If it weren’t for the star studded cast and crew, this movie would probably be getting at least average reviews. However, this is a movie that had every advantage going in. While worth the watch, if you are a fan of McCarthy, or the filmmaking of Ridly Scott, you will probably be disappointed.

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Movie Review: Jackass Presents: Bad Grandpa (2013)

bad-grandpa-movie-posterBad Grandpa is a Good Time

4 stars

Whenever I see a ‘Jackass Presents” in front of something, I know I’m guaranteed more than a few uncomfortable laughs. That is what Bad Grandpa is. More than a few laughs at someone else’s expense and a whole lot of fun.

For Bad Grandpa, Jackass adapted their Bad Grandpa prank character and made a plot focused movie about him. 86 year-old Irving Zisman (Johnny Knoxville) is stuck on a cross country trip with his 8-year-old grandson Billy (Jackson Nicoll). Old Irving’s goal is to drop young Billy off with his dad, so he can go back to chasing ‘tail’ (as he likes to put it). On their way, they encounter a variety of strangers that they verbally attack, confuse or both.

Bad Grandpa is mainly the practical joke skit from the Jackass Show, played with a plot. This hidden camera movie features more than a few laugh out loud moments as the make-up wearing Knoxville horrifies a wide range of unsuspecting victims. In more than a few scenes, he hits on unsuspecting women with a few of his signature quips like “might be too old to stir the gravy, but I can still lick the spoon!” [more…]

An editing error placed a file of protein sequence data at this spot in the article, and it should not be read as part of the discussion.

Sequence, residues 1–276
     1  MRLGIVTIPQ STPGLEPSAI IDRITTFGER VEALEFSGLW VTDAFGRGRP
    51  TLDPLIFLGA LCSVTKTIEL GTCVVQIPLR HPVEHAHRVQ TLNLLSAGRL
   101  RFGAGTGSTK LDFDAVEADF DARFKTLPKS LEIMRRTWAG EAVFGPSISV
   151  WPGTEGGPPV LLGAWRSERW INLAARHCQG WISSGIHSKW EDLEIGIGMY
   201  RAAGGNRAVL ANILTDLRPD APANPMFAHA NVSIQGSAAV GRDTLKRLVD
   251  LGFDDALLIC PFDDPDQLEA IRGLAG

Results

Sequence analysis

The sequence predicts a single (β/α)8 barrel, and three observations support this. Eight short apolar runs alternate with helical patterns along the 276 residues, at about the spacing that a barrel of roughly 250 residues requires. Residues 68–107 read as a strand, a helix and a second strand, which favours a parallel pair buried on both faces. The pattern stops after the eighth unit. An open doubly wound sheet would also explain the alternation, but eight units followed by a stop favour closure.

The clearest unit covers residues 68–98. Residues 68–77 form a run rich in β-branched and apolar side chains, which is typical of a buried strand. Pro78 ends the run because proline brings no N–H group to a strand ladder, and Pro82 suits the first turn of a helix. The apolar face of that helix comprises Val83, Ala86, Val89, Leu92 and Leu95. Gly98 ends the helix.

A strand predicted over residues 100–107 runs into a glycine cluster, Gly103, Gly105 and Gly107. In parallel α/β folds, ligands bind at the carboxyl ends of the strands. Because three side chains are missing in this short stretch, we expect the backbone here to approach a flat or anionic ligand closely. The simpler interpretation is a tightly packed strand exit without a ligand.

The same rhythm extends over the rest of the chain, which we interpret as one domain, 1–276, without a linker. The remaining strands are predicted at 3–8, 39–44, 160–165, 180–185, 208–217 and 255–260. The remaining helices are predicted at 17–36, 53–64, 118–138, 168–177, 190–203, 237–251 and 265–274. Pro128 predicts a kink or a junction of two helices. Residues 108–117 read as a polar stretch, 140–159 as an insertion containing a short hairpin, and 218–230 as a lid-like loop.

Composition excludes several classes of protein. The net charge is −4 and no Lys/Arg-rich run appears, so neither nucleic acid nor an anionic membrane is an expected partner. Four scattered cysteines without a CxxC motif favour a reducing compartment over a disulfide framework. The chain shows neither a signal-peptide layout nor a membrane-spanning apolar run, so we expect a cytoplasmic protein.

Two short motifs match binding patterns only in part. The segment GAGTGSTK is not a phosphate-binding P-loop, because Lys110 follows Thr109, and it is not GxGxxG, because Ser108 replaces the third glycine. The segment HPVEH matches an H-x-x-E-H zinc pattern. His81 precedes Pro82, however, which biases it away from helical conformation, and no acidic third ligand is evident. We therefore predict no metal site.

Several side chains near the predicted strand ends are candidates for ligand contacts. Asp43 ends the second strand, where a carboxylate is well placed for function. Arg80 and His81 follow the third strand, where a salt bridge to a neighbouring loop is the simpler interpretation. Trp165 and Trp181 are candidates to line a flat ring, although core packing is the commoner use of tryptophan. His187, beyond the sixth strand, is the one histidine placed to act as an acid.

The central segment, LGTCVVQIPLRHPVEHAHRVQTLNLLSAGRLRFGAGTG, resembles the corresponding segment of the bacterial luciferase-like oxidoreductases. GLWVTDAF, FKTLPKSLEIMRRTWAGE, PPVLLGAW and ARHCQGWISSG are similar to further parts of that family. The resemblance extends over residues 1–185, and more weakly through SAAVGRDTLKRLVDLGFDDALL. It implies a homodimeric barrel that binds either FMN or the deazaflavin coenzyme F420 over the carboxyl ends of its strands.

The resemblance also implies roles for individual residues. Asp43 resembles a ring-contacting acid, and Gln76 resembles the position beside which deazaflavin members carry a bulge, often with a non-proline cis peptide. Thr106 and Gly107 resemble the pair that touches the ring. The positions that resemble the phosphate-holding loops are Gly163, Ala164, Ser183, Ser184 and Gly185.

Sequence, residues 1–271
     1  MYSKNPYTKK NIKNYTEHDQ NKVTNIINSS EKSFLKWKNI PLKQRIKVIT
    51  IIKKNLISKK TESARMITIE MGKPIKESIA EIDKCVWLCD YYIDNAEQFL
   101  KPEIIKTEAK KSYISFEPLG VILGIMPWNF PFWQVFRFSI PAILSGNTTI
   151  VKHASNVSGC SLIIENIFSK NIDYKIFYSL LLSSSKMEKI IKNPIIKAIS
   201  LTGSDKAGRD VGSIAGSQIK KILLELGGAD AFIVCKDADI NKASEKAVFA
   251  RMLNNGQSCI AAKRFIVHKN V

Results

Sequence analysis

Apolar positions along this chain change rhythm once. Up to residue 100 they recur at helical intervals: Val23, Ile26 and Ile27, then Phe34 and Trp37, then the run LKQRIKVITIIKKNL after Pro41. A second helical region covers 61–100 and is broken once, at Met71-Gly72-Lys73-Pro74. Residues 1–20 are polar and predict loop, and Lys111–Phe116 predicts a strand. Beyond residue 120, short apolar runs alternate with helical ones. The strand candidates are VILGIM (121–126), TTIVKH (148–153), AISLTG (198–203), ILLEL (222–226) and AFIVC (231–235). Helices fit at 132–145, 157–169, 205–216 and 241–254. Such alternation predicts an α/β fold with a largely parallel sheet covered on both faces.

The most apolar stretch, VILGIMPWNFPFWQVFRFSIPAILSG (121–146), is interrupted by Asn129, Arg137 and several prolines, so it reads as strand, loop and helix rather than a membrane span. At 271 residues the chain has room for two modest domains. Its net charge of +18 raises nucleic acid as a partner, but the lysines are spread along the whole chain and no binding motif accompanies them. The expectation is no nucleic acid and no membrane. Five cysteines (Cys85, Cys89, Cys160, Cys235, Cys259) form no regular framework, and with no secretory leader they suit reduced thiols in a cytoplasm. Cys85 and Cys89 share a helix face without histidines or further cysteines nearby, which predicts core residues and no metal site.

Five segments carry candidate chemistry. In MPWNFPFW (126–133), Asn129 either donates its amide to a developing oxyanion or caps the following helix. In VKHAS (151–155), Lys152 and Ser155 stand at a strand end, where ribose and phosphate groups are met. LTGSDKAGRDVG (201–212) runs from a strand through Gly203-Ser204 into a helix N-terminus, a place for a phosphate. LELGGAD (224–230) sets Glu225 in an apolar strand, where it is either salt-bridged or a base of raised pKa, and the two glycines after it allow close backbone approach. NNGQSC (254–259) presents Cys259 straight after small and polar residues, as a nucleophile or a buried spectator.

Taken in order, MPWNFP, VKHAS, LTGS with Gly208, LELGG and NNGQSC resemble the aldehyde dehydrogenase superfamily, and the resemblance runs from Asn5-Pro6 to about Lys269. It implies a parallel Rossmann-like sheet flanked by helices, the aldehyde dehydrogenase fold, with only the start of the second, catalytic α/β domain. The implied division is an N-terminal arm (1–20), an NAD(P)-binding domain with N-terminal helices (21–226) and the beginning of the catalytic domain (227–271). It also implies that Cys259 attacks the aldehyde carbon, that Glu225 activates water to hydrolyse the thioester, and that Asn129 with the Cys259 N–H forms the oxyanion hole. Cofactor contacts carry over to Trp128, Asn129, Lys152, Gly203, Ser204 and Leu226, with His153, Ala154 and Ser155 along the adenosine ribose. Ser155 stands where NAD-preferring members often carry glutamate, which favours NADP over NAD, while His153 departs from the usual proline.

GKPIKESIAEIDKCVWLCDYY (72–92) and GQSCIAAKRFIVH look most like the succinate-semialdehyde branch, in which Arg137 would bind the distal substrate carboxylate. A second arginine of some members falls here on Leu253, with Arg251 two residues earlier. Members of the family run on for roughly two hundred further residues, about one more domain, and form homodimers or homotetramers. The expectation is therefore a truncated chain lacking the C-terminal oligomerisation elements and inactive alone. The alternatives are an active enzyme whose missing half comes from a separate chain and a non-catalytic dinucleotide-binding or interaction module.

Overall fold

There is a lot of crude humor as well, which is to be expected from a Johnny Knoxville movie. In one scene, Irving gets his member stuck in a soda machine. In another, horrified passersby’s watch as he encourages 8 year-old Billy to chug a beer at a picnic table. Near the end, he gets his 8 year old grandson to enter a beauty contest in drag.

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Knoxville isn’t a million percent convincing as an old man. The makeup is pretty good, but the voice just isn’t there. However, Billy is his eager to please, up for anything self in the movie and never fails to engage in a good time with his ‘Bad Grandpa”.

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There are some surprisingly sweet moments in the film, where Grandpa bonds with Billy. The storyline is predictable, but it’s expected to be. This is more of a Borat style film. The story is for the sake of the character, but the real reason to watch is for the jokes.

Keep in mind that Bad Grandpa isn’t Bruno or Borat. They’re not trying to make a political statement through satire and humor. They’re just trying to have a good time and shock the hell out of some innocent bystanders. While Bad Grandpa probably isn’t as good as some of the prior Jackass movies, and it doesn’t have the same level of heart as Bad Santa, it’s still a good time.

If you are the easily offended type, Bad Grandpa is not the movie for you. The jokes focus around social taboos, sexual situations and body fluid jokes. However, if you were a fan of any of the Jackass movies, then Bad Grandpa will probably be right up your alley. This is Johnny Knoxville at his ‘offending sensitive strangers’ best and there doesn’t seem to be anything little Billy won’t do for a laugh.